Happy holiday, ladies and gents!
US lawmakers are observing Memorial Day today (although they were at work in Illinois), providing a quiet stage for our weekly recap of sports betting news. This year’s holiday happens to coincide with Grape Popsicle Day and Cellophane Tape Day, if you’re looking for additional ways to celebrate.
Anyhow, here are the stats for US sports betting right now:
- States with regulated sports betting: 8
- Jurisdictions pending launch: 7
- States with bills on file: 38
- Number of bills on file: 153
After a sluggish start to the year, a new state has now legalized sports betting in four consecutive weeks. This time, it’s Tennessee with a law that sets (or breaks) more than one precedent in the US.
The LSR Podcast crew had plenty to say about the new law when they recorded, too. Grab a popsicle, click play, and keep reading.
Tennessee caves to sports betting, leagues
Last week, the Volunteer State became the fourth to legalize sports betting this year. Despite strong opposition to gambling, Gov. Bill Lee let the bill become law without his signature on Friday.
In a first for the US, the TN sports betting framework only permits online betting. There are no casinos in Tennessee, making it the first non-gambling state to pass a sports gambling law.
Tennessee lawmakers are also the first in the country to weaponize official league data.
An unprecedented mandate requires operators to enter into commercial agreements with the billionaire sports leagues — and to do so on their terms. H 1 is also the first state law to give those leagues the power to restrict the types of available wagers.
The financials don’t ease those burdens, either. Licensees will pay $750,000 annually to serve the state, then return a 20% tax on their revenue. Both numbers are near the top end of the scale among states with laws on the books.
For better or for worse, legal sports betting is coming to Tennessee.
Illinois sports betting bill unsatisfactory
If you didn’t know Rep. Mike Zalewski was the sponsor of the sports betting bill in Illinois, you might think he was trying to sabotage it.
Zalewski initially proposed five distinct frameworks for his bill, each one less palatable than the last. The five were eventually consolidated into two broadly unappealing models, and the sponsor is trying one last time to get it right.
The final form of H 1260 is less than ideal, though, the sum of the worst provisions from previous amendments. Licenses to offer IL sports betting would top out at $25 million apiece, and the 20% tax on revenue would be the nation’s highest outside of Pennsylvania. The sponsor remains inexplicably attached to official data, too.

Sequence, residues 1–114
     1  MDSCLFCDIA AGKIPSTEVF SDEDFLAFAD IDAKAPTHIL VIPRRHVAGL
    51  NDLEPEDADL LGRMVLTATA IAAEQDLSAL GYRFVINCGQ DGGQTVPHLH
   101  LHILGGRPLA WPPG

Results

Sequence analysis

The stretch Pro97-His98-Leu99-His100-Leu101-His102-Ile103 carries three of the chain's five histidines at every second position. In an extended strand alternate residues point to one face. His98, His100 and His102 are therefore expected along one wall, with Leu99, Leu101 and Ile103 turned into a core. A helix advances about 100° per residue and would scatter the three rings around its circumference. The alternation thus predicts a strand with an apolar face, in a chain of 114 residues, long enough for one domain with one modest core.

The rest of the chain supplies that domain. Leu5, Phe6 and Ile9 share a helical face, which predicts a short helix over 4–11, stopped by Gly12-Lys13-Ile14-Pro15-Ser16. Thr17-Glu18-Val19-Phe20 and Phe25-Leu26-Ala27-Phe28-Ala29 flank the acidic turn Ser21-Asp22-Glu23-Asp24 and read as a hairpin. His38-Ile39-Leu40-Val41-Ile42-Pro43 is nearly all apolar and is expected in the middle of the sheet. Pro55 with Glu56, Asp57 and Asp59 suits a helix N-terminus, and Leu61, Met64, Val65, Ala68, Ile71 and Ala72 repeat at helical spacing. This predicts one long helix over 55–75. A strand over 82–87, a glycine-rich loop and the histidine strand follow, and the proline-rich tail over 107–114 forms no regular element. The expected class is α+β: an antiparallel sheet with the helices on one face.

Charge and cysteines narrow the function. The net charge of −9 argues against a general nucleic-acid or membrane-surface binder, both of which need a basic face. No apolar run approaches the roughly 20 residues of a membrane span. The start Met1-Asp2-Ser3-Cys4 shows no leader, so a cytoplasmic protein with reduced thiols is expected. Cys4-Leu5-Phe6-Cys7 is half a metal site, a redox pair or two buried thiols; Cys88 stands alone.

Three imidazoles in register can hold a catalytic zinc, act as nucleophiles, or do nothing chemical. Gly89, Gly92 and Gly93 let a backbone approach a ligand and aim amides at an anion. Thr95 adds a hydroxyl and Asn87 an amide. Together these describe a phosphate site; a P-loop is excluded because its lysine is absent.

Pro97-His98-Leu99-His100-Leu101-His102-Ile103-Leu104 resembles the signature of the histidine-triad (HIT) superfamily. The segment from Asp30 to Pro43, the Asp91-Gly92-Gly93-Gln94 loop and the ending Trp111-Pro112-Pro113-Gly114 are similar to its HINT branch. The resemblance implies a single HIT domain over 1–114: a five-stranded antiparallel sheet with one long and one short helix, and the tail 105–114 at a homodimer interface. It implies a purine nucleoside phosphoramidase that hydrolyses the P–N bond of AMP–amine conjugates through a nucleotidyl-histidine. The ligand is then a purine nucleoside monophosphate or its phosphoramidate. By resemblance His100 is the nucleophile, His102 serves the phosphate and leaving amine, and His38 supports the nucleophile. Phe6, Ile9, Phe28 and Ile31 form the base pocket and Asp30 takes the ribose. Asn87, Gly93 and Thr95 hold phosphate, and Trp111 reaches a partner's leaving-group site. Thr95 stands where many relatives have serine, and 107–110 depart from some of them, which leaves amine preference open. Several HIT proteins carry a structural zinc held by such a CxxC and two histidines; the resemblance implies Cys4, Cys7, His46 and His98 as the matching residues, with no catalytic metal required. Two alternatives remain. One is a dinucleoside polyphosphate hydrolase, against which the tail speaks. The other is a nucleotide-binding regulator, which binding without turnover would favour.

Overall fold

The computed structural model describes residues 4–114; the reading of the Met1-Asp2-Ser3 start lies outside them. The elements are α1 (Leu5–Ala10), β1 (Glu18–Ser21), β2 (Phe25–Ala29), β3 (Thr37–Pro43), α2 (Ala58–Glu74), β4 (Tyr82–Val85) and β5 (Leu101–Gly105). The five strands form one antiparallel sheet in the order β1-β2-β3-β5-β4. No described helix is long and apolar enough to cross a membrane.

Don’t worry; it gets worse.
Rather than solving the polarizing penalty box issue, Zalewski is instead proposing a complete moratorium on online betting for 18 months. The push to keep DraftKings Sportsbook and FanDuel Sportsbook out of the market may end up spoiling the opportunity for everyone.
While the governors of Indiana and Iowa have legalized sports betting in recent weeks, the largest “I” in the union still can’t get its act together. Failure to pass a bill would punch a $217 million hole in the proposed budget of a state that is already running lean on money.
The latest in the state is that a bill that would allow for more casinos would be attached to sports betting. The legislation authorizing a casino in Chicago as well as riverboat casinos in other part of the state moved out of committee and onto the House floor on Monday morning.
Illinois lawmakers are scheduled to adjourn on Friday, so time is short to get something done.
Movement in New Hampshire, Ohio
New Hampshire might be the betting favorite to cross the finish line next.
H 480 is on its way back to the Senate after a brief stop in the Finance committee last week. The full chamber previously passed the amended bill on second reading, so a third approval would send it back to the House for concurrence. Expect a vote on Thursday.
Eric Schippers (Penn National Gaming) scolded the leagues for seeking a “money grab” from sports betting despite having their integrity fee shunned at every turn. Ayesha Molino (MGM) asked lawmakers to empower regulators, not the leagues, to determine which types of bets are allowed.
Neither of the primary OH sports betting bills include such fees or restrictions as currently written.
This week in sports betting
Our eyes will turn toward Massachusetts this week. Starting on Tuesday, the joint committee on Economic Development and Emerging Technologies will conduct two days of hearings on H 68 and the rest of the MA sports betting bills.
Lastly, the Oregon Lottery will conduct a Friday meeting to discuss the implementation of full-scale OR sports betting. If things go well, the Beaver State could find itself on the “legal pending launch” line next week.
Have a happy shortened week, y’all.